However, the truth of the matter remains that we are bound to get stressed at one time or another. It is therefore important to learn skills and techniques to help you get rid of unnecessary stress whereby you’d be able to make better work, lifestyle, and relationship decisions as well as how to effectively manage unavoidable forms of stress.

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With that said, it is imperative you need to burst that stress in order to improve your chances of shedding those excess body fat, otherwise the body through its "hard wiring" responses is going to do everything possible to hold on to its fat stores – and I guess that by now you know just where cortisol’s choice of fat storage is.

Stress and lack sleep are twin evils that can easily wreck your weight loss efforts. While it is true that stress may cut down on your ability to sleep properly, it is however more important that you ensure you get an adequate night sleep as lack of adequate sleep has been shown to increase the level of cortisol in the body. To help you get started, you should ensure to get at least 7 hours of sound sleep per night.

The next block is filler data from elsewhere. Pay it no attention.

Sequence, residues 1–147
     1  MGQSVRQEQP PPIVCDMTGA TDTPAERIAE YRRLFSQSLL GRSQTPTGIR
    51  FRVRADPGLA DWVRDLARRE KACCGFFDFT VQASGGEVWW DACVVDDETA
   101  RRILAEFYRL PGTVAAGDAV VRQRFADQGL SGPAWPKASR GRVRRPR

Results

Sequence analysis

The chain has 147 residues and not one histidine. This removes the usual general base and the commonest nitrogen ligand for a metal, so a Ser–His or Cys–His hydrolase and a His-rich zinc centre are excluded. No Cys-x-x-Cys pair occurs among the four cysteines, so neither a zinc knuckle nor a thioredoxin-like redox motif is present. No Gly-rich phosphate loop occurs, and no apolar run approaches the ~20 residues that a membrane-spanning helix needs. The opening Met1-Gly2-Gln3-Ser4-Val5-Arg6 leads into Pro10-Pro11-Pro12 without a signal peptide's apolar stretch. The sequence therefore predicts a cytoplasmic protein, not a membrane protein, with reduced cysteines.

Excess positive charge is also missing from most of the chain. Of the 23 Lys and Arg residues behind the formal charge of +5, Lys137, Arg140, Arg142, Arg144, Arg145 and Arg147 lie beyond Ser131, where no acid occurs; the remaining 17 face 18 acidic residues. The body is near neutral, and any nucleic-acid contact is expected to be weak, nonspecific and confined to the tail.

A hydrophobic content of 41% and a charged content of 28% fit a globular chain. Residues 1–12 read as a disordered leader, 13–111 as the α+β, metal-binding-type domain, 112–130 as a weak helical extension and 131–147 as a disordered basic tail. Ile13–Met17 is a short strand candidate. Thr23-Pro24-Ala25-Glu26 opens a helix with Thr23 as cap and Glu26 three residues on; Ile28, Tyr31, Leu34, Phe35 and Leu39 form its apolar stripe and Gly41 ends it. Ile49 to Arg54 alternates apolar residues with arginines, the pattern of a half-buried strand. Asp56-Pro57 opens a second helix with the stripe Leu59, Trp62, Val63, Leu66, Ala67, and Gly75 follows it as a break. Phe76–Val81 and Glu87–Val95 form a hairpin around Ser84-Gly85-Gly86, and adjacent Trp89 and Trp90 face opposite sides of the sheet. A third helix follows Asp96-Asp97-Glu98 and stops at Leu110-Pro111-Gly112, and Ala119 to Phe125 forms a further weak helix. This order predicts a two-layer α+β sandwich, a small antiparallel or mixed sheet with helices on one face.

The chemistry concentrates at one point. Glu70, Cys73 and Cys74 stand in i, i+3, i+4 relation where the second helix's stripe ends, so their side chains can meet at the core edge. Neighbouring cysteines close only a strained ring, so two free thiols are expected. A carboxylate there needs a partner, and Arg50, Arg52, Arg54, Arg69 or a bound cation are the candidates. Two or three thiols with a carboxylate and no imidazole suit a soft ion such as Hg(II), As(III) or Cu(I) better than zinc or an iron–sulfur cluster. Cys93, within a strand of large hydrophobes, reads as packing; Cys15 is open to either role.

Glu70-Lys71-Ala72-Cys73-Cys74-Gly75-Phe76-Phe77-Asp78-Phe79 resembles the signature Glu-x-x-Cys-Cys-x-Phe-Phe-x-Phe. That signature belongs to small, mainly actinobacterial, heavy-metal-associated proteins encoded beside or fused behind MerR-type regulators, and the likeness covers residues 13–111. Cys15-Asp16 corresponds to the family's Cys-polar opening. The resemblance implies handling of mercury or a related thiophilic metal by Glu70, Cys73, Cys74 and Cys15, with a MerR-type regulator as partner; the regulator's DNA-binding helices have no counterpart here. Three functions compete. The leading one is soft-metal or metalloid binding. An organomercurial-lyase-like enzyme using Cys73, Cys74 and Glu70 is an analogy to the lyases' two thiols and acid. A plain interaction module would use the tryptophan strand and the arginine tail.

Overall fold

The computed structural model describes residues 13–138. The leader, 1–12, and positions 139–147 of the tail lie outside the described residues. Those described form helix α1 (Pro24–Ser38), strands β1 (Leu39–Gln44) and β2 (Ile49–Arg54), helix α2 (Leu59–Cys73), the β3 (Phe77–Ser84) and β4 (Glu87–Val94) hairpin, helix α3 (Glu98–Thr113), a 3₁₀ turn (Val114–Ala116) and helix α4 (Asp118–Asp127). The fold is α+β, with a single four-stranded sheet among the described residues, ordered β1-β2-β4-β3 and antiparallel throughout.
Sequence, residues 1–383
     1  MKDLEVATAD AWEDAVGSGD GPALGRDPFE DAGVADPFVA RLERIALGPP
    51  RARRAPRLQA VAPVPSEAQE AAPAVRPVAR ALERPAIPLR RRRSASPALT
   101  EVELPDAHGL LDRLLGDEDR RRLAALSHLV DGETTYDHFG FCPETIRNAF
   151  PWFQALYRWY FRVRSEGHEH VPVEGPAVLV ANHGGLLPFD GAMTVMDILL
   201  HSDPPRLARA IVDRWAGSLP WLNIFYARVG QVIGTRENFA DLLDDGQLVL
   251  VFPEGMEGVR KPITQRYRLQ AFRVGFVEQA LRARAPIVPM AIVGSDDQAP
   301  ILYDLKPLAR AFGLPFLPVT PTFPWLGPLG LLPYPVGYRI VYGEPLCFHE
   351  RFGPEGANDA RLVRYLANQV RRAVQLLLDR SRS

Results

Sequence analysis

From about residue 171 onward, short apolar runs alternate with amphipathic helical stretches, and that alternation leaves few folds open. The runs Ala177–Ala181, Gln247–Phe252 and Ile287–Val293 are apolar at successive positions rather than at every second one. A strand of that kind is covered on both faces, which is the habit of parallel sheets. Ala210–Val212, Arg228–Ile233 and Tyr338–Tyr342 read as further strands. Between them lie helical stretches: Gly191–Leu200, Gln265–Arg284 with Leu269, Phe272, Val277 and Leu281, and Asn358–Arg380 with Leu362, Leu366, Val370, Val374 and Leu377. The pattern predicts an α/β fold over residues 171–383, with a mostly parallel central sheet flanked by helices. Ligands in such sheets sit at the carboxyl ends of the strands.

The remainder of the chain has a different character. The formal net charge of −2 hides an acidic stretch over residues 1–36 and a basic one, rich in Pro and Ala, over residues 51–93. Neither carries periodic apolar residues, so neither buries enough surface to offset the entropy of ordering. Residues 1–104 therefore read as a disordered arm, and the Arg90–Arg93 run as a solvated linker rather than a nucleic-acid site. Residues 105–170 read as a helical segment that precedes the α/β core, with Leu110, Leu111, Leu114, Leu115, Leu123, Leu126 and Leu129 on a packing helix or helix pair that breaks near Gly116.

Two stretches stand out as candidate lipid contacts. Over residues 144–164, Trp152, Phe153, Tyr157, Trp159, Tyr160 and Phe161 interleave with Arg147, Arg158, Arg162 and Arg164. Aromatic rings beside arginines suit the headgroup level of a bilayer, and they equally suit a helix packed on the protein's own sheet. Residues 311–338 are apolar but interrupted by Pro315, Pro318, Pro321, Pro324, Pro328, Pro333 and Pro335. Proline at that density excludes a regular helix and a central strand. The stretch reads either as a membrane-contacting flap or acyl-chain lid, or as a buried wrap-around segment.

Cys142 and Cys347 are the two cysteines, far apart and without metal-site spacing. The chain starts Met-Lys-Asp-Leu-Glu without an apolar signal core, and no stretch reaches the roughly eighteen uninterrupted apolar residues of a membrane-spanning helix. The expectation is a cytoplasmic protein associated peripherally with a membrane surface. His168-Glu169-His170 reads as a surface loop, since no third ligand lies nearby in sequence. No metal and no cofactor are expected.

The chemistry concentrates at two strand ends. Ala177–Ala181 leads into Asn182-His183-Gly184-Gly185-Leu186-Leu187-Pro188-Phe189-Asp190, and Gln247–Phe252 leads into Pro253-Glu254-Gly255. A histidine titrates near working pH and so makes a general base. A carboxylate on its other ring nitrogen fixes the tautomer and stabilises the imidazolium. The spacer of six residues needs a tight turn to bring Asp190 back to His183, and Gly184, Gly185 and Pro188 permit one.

To also help you burst stress and have better night sleep, you should endeavor to engage in regular physical exercise. This is amazingly the most effective way to lower cortisol levels, decrease stress, boost your metabolism, and shed those extra pounds of fat you’ve always wanted to. Aerobic exercises for instance, can help you effectively increase oxygen circulation thus providing you with a lot of increased energy while also producing endorphins – chemicals that make you feel happy.

Furthermore, it is equally important that you eat healthy foods especially those that have been shown to boost your serotonin levels (another feel good chemical) such as a bowl of warm oatmeal; also a glass of warm skim or low-fat milk just before bedtime can improve your sleep quality; also you might want to have a hot cup of green tea, such as Tava Tea, to help you to not only lose weight but also to soothe and calm your nerves.

While the causes of people being overweight are complex, the link to stress as can be seen from the discussion above cannot be overemphasized especially in the socio-economic quandary we find ourselves today.